DANC to hold meetings in Lowville, Watertown about Fort Drum development, wind turbines


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Meetings will be held tonight and Wednesday night to allow the public to discuss future growth at Fort Drum and potential compatibility issues the post may have with the surrounding community, a debate that has included wind turbine growth.

The Development Authority of the North Country’s Fort Drum Joint Land Use Study covers 25 areas of compatibility, from housing availability, biological resources, energy development and noise. When finished, the study is also expected to become a key part of the debate over wind turbine development in areas near the post.

In a news release, the authority said the main objective of its study is to “reduce current and potential compatibility issues between Fort Drum and surrounding communities” while protecting development, economic activity, public safety and military operations.

The first of two meetings will be held from 6 to 8 p.m. today at the cafeteria of Lowville Academy Elementary, 7668 North State St., Lowville. A second hearing will be held from 6 to 8 p.m. Wednesday in the large conference room of Watertown High School, 1335 Washington St., Watertown.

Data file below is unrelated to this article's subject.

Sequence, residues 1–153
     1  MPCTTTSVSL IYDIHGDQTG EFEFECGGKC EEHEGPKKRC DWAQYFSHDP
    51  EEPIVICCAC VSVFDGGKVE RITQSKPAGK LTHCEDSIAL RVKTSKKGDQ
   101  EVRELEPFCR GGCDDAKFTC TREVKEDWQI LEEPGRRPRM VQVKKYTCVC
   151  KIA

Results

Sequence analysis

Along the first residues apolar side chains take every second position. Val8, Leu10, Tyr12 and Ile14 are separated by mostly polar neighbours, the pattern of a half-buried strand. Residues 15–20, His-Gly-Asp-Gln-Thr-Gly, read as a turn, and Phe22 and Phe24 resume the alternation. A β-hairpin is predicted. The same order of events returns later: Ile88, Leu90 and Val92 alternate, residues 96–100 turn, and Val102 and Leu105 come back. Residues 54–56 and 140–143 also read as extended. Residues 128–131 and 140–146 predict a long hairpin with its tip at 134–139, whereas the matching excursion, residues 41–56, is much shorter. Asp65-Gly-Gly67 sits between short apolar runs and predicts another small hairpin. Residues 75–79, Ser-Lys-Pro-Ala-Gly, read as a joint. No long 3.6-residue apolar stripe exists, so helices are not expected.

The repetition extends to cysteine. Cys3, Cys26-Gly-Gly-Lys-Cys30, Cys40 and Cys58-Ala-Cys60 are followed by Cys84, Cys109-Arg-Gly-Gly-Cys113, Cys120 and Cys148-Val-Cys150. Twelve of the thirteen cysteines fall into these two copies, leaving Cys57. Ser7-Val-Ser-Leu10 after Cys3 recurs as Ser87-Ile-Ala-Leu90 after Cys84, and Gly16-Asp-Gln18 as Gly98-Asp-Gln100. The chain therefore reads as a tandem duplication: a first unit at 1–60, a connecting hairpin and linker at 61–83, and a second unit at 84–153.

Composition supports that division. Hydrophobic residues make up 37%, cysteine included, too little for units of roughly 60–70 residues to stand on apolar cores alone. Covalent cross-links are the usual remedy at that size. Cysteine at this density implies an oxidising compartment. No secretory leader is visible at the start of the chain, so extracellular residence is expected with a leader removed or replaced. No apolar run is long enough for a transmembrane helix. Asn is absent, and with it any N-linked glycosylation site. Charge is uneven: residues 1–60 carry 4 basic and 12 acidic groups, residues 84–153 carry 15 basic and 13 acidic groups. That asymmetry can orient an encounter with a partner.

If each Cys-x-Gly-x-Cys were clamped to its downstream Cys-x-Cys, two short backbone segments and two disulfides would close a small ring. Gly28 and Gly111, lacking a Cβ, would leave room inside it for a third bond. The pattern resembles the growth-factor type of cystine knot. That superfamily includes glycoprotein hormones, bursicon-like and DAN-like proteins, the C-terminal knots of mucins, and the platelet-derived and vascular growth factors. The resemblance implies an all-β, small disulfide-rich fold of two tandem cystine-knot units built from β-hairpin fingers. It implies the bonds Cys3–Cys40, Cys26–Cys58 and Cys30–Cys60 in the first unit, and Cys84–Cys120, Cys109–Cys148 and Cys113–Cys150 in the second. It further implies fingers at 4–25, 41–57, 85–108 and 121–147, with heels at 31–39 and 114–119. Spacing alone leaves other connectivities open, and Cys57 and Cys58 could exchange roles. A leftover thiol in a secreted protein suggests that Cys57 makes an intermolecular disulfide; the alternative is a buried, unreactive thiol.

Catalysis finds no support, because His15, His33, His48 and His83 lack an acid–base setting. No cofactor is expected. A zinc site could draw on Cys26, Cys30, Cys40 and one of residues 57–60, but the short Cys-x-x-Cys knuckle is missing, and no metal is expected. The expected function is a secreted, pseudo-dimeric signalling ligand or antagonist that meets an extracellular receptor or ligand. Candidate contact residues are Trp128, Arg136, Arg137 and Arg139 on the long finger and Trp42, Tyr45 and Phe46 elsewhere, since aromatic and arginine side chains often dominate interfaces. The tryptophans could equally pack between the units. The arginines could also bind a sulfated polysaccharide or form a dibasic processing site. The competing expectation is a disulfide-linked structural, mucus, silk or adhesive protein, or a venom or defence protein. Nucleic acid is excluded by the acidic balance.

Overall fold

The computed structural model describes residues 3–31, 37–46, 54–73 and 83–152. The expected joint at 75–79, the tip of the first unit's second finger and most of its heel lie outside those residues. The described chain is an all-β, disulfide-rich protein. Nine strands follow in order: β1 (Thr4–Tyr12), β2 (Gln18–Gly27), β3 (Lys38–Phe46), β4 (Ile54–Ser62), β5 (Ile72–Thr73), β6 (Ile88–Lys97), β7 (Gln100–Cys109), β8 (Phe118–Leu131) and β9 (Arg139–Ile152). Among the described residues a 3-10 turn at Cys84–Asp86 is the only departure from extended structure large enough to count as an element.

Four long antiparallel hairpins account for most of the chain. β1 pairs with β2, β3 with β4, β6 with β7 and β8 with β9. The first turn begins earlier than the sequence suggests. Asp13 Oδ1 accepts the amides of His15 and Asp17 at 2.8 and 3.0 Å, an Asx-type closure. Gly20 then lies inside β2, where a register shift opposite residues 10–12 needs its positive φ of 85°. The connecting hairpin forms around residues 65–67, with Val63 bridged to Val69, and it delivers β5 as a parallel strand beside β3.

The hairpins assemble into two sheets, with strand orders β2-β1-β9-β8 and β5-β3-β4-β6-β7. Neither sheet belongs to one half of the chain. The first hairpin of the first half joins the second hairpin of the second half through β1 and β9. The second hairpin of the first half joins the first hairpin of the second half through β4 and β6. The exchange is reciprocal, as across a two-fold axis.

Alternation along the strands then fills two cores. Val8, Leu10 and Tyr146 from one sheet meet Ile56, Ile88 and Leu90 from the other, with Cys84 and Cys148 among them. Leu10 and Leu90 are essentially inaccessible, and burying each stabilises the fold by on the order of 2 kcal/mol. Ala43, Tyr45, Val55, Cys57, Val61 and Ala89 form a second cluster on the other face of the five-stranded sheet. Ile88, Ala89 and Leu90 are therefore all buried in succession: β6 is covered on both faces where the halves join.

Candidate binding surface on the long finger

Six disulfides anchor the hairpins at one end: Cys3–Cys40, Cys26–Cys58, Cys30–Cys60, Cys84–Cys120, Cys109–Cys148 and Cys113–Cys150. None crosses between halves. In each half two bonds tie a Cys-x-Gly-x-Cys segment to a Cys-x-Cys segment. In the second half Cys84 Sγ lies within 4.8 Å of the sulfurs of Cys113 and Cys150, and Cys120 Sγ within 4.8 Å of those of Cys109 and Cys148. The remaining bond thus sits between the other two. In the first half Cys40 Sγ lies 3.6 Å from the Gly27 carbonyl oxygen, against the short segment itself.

DANC said that both meetings will have the same information available.

The meeting will start with a presentation about the study process, documents and next steps. Participants will then be able to take part in an interactive exercise where they will identify how important certain compatibility issues are to them.

They will also be able to leave comment cards with input on strategies to address compatibility issues.

The turbine debate has raged in recent months after post officials outlined their concerns on how turbines impact air navigation and weather monitoring.

The Fort Drum Regional Liaison Organization and lawmakers, including Rep. Elise M. Stefanik, R-Willsboro, have since outlined their concerns with a set of wind projects in development.

Ross Holbrook, a founding member of River Residents Against Turbines, or River RATS, said he is encouraging people to attend the meetings and submit comments.

“Just as the Development Authority of the North Country is asking for public participation on this issue, we think it’s important that local residents that are concerned about wind turbines near Fort Drum are able to make their feelings known and contribute to the land use study,” Mr. Holbrook said.

For more information about the study, visit http://wdt.me/danc-study.


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